The Walt Disney Company (DIS) is a vast entertainment empire spanning Disneyworld, Marvel, Pixar, the Star Wars franchise and Mickey Mouse. But it has had a management shakeup. This is not unusual in the corporate world but this one has caused quite a stir. Morningstar analyst Neil Macker describes it as a "stunning move".

What's happened?

Disney has swapped a Bob for a Bob. Former chief executive Bob Iger, who ran Walt Disney from 2005 to 2020, is replacing Bob Chapek with immediate effect. Iger has signed a two-year deal to help the firm find a long-term successor and set its strategic direction..

Is he likely to stay on?

Macker says he wouldn’t be surprised, particularly as he delayed retirement three times in his first era as CEO. He's willing to put the hours in to help the company become untangled. 

Does Iger bring high hopes?

"Iger has a much longer and stronger record with investors, which will likely help Disney and him during the transition period," Macker notes. In his 15-year reign, shares soared from around US$25 to US$140. He also has closer ties with Hollywood studios and is more comfortable rubbing shoulders with the "talent".

"The reinstatement of Iger will likely help with Hollywood relationships, given his much stronger ties within that community than Chapek," Macker adds.

"Iger […] has generally been highly thought of by cast members and could help lighten some of the relationship strain that arose from the pandemic." When Chapek took over from Iger in 2020, Iger was described as an extremely tough act to follow.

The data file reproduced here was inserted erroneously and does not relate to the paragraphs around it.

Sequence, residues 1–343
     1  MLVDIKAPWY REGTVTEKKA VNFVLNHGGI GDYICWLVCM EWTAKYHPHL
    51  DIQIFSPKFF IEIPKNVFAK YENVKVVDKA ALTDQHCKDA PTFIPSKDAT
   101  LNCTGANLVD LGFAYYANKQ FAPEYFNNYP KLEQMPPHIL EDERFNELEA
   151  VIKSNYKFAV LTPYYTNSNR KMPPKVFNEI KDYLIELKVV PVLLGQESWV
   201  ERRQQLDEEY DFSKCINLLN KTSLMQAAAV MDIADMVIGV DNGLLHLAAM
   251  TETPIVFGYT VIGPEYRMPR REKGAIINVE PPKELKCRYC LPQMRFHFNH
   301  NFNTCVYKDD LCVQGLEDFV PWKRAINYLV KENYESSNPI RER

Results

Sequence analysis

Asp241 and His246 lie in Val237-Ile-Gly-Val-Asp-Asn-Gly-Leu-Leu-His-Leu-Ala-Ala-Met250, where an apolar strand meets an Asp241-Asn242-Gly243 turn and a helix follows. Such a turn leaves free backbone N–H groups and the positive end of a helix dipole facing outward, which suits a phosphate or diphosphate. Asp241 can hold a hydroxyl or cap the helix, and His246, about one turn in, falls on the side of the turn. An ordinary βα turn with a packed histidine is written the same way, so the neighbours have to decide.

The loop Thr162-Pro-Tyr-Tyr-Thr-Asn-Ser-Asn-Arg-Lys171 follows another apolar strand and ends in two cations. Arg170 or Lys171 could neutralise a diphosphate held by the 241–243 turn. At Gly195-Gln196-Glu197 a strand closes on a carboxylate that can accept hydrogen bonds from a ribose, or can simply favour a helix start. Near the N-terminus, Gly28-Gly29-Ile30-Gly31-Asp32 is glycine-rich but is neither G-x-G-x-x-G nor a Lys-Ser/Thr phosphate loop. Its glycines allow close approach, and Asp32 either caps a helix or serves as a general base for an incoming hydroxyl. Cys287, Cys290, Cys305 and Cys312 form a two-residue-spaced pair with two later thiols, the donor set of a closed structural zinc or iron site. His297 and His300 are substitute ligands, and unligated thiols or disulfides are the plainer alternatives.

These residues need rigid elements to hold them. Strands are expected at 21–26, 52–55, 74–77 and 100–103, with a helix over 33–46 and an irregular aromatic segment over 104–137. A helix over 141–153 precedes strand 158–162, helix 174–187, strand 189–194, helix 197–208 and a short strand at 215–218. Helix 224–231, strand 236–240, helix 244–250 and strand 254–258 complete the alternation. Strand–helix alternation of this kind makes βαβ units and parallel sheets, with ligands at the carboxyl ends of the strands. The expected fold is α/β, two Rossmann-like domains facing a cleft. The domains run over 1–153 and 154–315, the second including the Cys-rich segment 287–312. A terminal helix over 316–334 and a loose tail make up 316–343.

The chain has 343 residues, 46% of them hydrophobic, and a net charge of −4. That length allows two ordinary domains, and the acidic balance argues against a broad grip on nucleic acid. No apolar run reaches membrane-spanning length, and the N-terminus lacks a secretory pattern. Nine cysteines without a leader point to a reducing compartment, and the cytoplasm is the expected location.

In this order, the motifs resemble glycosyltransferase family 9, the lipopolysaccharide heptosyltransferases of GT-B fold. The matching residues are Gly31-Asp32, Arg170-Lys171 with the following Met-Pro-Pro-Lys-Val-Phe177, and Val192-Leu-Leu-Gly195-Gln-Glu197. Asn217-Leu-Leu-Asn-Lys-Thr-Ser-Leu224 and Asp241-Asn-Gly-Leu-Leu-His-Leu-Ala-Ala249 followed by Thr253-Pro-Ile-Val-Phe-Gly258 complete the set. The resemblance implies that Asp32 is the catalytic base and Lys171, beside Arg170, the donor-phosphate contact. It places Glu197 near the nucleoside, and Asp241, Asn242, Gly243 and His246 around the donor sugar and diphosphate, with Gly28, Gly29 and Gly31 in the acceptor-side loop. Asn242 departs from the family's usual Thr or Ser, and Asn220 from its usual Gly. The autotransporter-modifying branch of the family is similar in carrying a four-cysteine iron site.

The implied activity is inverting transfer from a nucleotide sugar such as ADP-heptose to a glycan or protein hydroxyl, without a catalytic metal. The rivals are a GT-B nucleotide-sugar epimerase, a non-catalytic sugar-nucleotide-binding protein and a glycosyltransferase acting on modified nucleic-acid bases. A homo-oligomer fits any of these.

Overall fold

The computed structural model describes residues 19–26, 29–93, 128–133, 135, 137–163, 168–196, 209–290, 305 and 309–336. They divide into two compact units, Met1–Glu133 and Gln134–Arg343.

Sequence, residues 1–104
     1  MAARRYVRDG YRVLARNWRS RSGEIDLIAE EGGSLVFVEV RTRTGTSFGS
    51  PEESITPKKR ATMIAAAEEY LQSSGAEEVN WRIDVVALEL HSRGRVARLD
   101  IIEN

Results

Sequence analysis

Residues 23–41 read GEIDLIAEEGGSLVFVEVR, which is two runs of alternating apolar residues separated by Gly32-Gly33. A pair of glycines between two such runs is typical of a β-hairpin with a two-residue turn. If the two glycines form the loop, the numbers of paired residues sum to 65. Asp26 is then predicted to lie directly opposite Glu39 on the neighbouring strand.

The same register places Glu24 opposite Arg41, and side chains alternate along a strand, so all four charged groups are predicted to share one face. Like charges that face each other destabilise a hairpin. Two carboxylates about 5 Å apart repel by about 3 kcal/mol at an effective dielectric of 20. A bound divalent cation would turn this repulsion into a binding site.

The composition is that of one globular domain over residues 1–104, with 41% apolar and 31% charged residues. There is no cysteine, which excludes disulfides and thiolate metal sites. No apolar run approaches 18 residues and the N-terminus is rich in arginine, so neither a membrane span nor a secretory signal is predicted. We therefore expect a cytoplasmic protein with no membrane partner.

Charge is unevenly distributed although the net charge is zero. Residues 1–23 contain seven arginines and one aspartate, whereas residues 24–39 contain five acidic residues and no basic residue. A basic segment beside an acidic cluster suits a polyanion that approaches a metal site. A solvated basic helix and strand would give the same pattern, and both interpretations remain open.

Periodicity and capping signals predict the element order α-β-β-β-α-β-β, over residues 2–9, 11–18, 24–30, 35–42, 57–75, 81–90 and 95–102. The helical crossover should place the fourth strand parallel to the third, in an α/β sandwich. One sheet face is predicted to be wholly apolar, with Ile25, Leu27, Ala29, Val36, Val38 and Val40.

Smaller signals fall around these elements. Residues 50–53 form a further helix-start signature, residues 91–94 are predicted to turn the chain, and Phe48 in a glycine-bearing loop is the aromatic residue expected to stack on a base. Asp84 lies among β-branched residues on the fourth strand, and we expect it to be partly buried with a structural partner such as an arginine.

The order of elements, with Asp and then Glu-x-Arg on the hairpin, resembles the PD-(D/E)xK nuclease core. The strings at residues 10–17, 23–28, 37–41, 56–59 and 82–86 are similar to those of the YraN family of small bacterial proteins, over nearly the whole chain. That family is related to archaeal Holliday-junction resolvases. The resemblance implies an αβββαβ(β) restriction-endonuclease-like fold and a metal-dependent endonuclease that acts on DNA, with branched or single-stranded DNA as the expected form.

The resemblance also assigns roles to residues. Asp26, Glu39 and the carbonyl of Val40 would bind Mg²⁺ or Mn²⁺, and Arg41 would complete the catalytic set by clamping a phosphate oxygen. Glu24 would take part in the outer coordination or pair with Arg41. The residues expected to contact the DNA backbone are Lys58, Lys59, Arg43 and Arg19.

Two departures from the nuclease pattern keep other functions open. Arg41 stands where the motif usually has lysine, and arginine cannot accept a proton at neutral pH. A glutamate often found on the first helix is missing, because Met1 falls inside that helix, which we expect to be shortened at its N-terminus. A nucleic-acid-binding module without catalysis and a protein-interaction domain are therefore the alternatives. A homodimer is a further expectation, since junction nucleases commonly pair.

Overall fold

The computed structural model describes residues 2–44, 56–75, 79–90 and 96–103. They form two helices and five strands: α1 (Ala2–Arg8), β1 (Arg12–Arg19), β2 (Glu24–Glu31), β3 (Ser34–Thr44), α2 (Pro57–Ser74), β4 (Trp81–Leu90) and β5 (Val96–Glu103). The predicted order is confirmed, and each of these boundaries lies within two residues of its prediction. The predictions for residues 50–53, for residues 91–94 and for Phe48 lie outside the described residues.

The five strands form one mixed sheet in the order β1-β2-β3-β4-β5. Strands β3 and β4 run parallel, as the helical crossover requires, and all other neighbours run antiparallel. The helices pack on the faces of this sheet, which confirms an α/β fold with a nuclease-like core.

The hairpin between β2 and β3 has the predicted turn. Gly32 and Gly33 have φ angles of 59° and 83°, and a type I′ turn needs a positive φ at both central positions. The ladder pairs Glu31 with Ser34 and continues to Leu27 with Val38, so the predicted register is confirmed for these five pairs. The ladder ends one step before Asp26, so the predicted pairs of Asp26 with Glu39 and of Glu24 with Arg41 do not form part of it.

What did Chapek achieve?

Under Chapek, Disney expanded into streaming via Disney+, a subscription service rivalling Netflix and Amazon Prime on price. It boasts the Marvel franchise films, Star Wars and The Simpsons among its current offering. 

Chapek was also known for focusing on the parks side of the business—and pushing an expansion in the metaverse—but he was less adroit at handling Hollywood. 

It's worth pointing out Chapek oversaw the re-opening of Disney's parks after the pandemic, a tricky diplomatic situation in China, which has a park in Shanghai.

What does it mean for customers?

Streaming is likely to stay key to the company strategy.

"We expect Iger will unwind some of the major changes put in place by Chapek. Even with the changes, we expect Iger will continue to emphasise the central role of streaming at Disney," Macker says.

How have investors reacted?

Shares jumped as much as 9% to more than US$100 following the news on Monday, but this is below the Morningstar fair value of US$170 per share. Disney stock remains down 36% in the last twelve months and the company has just unveiled a US$1.5 billion loss in the last quarter and announced job cuts.

Morningstar’s Macker says the US$170 fair value estimate is likely to be slightly lowered after the announcement, although he maintains the company's wide moat rating.

Will Chapek have to don a Mickey Mouse suit?

Unlikely. Disney is known for its galaxy-sized payouts. Chapek is expected to pick up more than US$50 million in severance. In the 1990s, the company stunned investors and the corporate world when it paid former President Michael Ovitz about US$130 million for a "no-fault" payout, the majority of which came from stock options. He’d been at the company for 14 months. In the same decade, former CEO Michael Eisner—Bob Iger’s predecessor—exercised stock options that made him a profit of US$565 million, a record at the time.

America Inc has since cooled on the idea of offering stock options as a "golden goodbye"—particularly as it tends to incentivise short-term risk-taking to boost stock prices.

But there is an argument it ties payout to performance: if a company has performed badly under a CEO’s tenure, that at least is reflected in the size of the payoff.